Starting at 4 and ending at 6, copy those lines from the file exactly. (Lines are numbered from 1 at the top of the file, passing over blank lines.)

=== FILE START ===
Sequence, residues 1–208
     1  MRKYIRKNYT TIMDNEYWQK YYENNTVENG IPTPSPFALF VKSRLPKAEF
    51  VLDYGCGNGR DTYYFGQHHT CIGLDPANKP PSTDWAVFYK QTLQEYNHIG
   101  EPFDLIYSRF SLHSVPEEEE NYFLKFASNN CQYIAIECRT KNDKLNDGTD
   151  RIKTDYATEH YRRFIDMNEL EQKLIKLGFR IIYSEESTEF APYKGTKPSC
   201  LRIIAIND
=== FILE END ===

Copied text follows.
   101  EPFDLIYSRF SLHSVPEEEE NYFLKFASNN CQYIAIECRT KNDKLNDGTD
   151  RIKTDYATEH YRRFIDMNEL EQKLIKLGFR IIYSEESTEF APYKGTKPSC
   201  LRIIAIND